TYLER, Texas (KETK)- The 89th annual Texas Rose Festival is two weeks away. This year, The East Texas Hispanic community was formally invited to participate and showcase their culture and traditions.
“This year, Liz Ballard and I have been talking about probably three or four years that we need tribute floats. It’s not only for the Hispanic community, but also for the African American community, and people that want to get involved,” said initiator of the float Ginger Young.
Young, an immigration attorney with Flowers Davis since 2009, saw 2022 as the perfect opportunity to showcase Hispanic culture at the Texas Rose Parade.
“This year, my firm rather than sponsor the float for my daughter, said let’s do a Quincenera because the Quincenera tradition is so similar to what we do for our girls with the Rose Festival,” said Young.
The Texas Rose Parade will feature a float, representing all 20 Latino countries and their native attire.
“There are 120 different entries in this Rose Parade. The girls will wear their Quincenera dresses and some girls have two or three. It’s totally their choice,” said Young. “We hope to mix the colors and sizes so it really gives a pretty view because I think the dresses are as unique as the girls, the family, and the community they represent.”
Attendees can expect to see a mariachi band, Aztec and Folklorico dancers, and a Tejano band.
“Young adults from different countries will be dressed in their traditional Folklorico dresses for each country. They will be holding flags so people can see which flags are for which country, not just that, but also groups of people representing their country will be there,” said Maria Quigata, whose daughter will be on the float. “We hope the public will enjoy the typical music and very much recognized in those countries like the Merengue and tango.”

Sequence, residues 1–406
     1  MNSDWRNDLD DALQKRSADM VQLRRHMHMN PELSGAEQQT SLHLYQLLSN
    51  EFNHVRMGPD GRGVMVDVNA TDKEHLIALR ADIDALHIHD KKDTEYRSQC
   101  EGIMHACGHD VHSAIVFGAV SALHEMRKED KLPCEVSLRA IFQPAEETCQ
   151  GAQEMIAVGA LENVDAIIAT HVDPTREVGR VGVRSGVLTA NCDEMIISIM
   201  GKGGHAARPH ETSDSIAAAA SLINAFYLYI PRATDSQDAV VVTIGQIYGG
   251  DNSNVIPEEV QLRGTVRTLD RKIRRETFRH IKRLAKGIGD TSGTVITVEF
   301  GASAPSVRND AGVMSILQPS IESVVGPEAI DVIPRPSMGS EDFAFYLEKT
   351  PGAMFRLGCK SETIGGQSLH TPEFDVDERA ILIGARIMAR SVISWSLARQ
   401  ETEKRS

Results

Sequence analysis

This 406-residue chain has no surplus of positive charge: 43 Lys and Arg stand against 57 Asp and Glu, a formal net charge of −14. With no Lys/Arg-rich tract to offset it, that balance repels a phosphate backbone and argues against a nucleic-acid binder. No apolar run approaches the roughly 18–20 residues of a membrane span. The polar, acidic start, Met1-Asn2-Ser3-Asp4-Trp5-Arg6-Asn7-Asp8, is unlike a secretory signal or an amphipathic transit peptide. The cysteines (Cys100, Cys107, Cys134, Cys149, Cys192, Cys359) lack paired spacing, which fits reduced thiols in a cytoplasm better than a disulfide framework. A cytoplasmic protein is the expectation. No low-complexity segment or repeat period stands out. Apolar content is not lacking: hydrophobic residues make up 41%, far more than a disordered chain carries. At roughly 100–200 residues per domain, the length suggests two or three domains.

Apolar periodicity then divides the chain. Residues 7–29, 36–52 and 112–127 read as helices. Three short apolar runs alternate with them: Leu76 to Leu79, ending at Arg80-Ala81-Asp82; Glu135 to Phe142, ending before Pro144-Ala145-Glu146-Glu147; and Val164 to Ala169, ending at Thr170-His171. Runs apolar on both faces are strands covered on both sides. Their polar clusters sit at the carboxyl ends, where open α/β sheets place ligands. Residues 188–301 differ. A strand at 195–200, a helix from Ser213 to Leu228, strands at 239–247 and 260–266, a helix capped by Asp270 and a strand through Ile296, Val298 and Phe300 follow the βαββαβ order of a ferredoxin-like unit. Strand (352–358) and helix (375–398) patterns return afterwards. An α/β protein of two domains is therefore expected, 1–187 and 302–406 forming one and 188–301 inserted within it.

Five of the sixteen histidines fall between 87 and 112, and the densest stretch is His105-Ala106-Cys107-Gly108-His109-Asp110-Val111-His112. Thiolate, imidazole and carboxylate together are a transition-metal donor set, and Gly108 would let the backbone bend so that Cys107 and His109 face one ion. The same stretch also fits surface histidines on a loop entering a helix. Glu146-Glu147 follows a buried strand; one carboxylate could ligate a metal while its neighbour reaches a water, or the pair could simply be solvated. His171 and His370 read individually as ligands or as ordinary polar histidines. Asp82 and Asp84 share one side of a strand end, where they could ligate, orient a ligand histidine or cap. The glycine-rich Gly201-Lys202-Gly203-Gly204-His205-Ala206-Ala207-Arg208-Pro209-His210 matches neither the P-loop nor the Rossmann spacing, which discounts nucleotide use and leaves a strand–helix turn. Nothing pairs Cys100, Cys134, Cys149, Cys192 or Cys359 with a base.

Her daughter, Fabiola Carballo, said she is very proud to be representing her home country, Venezuela.
“The Rose Parade is a huge tradition of Tyler and I’m very proud to be Venezuelan. I hold it very dear to my heart,” said Carballo. “To be able to stand up there and represent all of my community and my country, I think is just an amazing opportunity. Every Venezuelan in every single part of the world are going to look and will say there’s still some good in my country left and that is her right there on that float.”
A lineup of over 40 East Texas Hispanic young women, are ready to make their debut. Local businesses were also able to help with the float.
Young said this is more than just about the dresses. Her hope is that this will bring unity to East Texas through traditional events.
The Texas Rose Festival began in 1933 and is steeped in tradition. To catch up on all the excitement, scan the QR code pictured here.